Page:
Time to challenge tradition

by Sir Alasdair Macdonald

September 25, 2020

After the public examinations chaos of 2020, New Visions Group Chair, Sir Alasdair Macdonald, calls for a clear plan for 2021 based on a system of centre assessed grading and given to schools now, in 2020, before the October half term break.

There are many important issues in our assessment system that need addressing but our 2021 exam cohorts are the urgent priority. It is difficult if not 7impossible to see any way in which exam-based assessment next summer can be fair or equitable. We know that our Pupil Premium pupils and other vulnerable groups have fallen further behind during lockdown and with the inevitable temporary closures and resultant education on-line over the coming months the ‘gap’ can only widen even further. Year 11 and 13 cohorts are already being sent home.

We also know that our teachers will do everything that they can to support their pupils but this could lead to an inordinate amount of catch-up lessons and other strategies on Saturdays, holidays etc. This will almost certainly impact on the well-being of both pupils and staff.

Schools need to know before half-term in October 2020 what they are working towards. This may sound unrealistic given the speed at which the DfE and OFQUAL are working but headteachers and their staff must know as soon as possible what they are preparing their pupils for. In terms of covering the curriculum content the autumn term is crucial and confirmation not arriving until say November or December would put an inordinate degree of pressure on exam cohorts.

If we are to achieve any degree of fairness for vulnerable pupils, many of whom have had very negative experiences over the last 6 months, any exam-based model, be it pushing the exams back by a few weeks or reducing the content will inevitably favour those who are privately educated, those from middle class backgrounds and those with more articulate parents. It seems very wrong that this pandemic should add another layer of disadvantage. Given sufficient time to prepare could we not develop a better system of centre assessed grades. Last summer centre assessed grades were used at very short notice and although there were issues the world of sixth forms, colleges and universities has not imploded.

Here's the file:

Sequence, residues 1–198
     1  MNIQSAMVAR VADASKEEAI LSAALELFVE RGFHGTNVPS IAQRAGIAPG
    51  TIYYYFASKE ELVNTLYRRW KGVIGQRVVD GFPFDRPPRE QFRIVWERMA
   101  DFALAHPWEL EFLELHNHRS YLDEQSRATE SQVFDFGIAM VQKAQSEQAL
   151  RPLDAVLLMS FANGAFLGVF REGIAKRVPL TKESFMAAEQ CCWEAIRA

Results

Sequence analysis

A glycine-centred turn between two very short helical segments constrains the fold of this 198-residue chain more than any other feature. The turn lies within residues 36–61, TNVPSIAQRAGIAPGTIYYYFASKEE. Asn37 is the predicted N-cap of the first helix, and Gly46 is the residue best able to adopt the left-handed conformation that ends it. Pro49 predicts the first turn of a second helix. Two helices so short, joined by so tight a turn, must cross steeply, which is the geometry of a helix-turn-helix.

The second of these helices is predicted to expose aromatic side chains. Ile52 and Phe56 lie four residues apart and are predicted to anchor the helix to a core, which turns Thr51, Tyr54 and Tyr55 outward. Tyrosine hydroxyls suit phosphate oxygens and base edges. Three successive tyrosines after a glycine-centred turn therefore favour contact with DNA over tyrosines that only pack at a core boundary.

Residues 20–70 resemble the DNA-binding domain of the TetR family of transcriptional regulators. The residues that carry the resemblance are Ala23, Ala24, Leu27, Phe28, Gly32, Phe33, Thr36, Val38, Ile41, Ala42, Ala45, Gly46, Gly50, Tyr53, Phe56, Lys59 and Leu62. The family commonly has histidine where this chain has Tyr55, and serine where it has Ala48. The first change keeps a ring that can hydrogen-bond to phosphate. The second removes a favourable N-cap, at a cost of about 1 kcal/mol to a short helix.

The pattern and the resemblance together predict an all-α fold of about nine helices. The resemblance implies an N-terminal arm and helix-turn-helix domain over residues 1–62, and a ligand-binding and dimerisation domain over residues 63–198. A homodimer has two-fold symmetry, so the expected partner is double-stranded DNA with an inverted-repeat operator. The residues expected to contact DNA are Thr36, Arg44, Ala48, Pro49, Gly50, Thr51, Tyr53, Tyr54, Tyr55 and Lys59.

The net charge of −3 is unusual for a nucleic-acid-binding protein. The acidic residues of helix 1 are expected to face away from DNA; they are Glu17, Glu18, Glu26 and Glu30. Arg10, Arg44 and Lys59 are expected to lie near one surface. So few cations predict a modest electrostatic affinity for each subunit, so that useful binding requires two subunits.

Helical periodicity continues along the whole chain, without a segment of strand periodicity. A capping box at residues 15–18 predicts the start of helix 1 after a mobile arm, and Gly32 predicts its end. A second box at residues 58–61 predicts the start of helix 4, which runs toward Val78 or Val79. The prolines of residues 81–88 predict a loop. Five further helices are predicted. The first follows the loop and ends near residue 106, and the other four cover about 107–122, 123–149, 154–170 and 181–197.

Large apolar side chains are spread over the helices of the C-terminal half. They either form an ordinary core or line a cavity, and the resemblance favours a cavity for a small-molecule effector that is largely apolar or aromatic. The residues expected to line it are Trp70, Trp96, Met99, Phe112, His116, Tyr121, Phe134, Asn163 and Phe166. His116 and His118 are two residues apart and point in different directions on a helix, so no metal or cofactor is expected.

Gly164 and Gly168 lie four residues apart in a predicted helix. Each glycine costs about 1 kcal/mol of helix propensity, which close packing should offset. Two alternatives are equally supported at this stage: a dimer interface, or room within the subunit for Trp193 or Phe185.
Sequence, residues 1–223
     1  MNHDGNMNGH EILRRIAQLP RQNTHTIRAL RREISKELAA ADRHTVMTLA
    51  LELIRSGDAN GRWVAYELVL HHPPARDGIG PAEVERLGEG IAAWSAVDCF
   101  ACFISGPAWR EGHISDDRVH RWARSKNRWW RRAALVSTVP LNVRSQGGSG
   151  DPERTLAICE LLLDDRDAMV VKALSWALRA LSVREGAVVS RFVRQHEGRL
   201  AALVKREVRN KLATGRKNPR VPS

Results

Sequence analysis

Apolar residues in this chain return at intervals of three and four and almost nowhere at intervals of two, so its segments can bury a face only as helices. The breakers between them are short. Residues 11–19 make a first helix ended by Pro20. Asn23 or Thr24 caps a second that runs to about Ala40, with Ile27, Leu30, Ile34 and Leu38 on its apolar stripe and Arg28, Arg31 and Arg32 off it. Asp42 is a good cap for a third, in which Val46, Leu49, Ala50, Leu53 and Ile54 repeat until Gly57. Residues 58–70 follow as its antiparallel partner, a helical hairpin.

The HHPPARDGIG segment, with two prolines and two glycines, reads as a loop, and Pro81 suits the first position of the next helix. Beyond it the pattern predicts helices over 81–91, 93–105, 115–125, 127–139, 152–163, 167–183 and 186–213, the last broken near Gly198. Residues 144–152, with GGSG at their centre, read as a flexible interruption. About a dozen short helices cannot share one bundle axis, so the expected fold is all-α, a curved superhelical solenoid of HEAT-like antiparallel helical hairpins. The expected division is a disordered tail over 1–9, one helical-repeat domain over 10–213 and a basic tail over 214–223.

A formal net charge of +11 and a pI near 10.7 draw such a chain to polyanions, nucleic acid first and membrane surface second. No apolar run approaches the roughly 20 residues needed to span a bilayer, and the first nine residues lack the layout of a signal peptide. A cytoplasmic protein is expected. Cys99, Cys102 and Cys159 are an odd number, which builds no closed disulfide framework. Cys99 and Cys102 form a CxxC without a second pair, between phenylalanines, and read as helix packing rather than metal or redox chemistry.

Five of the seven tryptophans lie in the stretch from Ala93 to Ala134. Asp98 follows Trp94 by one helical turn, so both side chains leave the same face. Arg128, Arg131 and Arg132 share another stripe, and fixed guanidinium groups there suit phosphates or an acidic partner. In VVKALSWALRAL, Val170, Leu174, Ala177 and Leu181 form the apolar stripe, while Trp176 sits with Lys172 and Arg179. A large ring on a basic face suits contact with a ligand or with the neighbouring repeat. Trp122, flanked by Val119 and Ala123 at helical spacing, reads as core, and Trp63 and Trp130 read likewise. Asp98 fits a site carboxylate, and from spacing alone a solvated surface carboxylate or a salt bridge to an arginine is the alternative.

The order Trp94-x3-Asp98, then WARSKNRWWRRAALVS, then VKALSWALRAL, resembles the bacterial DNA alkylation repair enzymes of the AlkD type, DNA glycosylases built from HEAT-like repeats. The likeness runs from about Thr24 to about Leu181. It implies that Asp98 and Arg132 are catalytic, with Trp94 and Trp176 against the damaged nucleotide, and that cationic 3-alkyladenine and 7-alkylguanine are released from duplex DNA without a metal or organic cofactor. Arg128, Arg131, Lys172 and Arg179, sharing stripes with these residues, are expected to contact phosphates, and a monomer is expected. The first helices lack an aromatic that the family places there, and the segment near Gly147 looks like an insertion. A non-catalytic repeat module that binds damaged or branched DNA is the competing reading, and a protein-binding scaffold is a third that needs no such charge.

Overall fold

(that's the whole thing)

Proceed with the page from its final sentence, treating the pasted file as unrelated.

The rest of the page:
Next summer could be much better if we prioritised quickly the need to plan and implement a system of centre assessed grading that involved testing (possibly using externally written materials), ‘mock exams’, coursework and other forms of assessment. There would  be an opportunity to implement moderation of school grades and this could be school to school but led by the exam boards.  A working party could quite quickly create a methodology that would at the very least be as reliable as reverting to the traditional GCSE approach and would certainly be more equitable. The normal Government methods and timescales  will just not work in the current crisis. We need to challenge the traditional modus operandi. For example  a group of examiners, leaders and teachers could be identified, they could be taken off all other work for a period of time, isolated and asked to come up with a model.

As already noted this is urgent and Years 11 and 13 deserve this level of prioritisation. We know that any proposal would have flaws but we desperately need a ‘solution’ that is as fair as we can make it, and we need to avoid a repetition of last summer’s confusion. An improved model based on centre assessed grades would lack the benefit of the trials or pilots that would be required to create a really robust system but we should not, falling back on a cliche, let the pursuit of the perfect be the enemy of the good. Such an approach would also challenge and reject the view that our teachers cannot assess their pupils fairly. We need to build the trust in the profession that has been constantly eroded by our punitive model of accountability. The moderation process could play an important part in this.

There are many groups and individuals who are questioning whether high status public exams at 16 are still needed. Is GCSE past its sell-by date? Is studying only  3 A levels from age 16 too narrow a curriculum for the 21st century? As  Laura McInerney recently stated in The Guardian – ‘The problem is not the pandemic. It is that we have constructed a system where a set of tests, taken over a couple of weeks, are the gateway to many of life’s chances”.  There may well be a strong case for a review of our assessment system including the possibility of a Baccalaureate or Diploma model but right now the main issue is overwhelmingly fairness for our current vulnerable pupils in their exam years.

 

 

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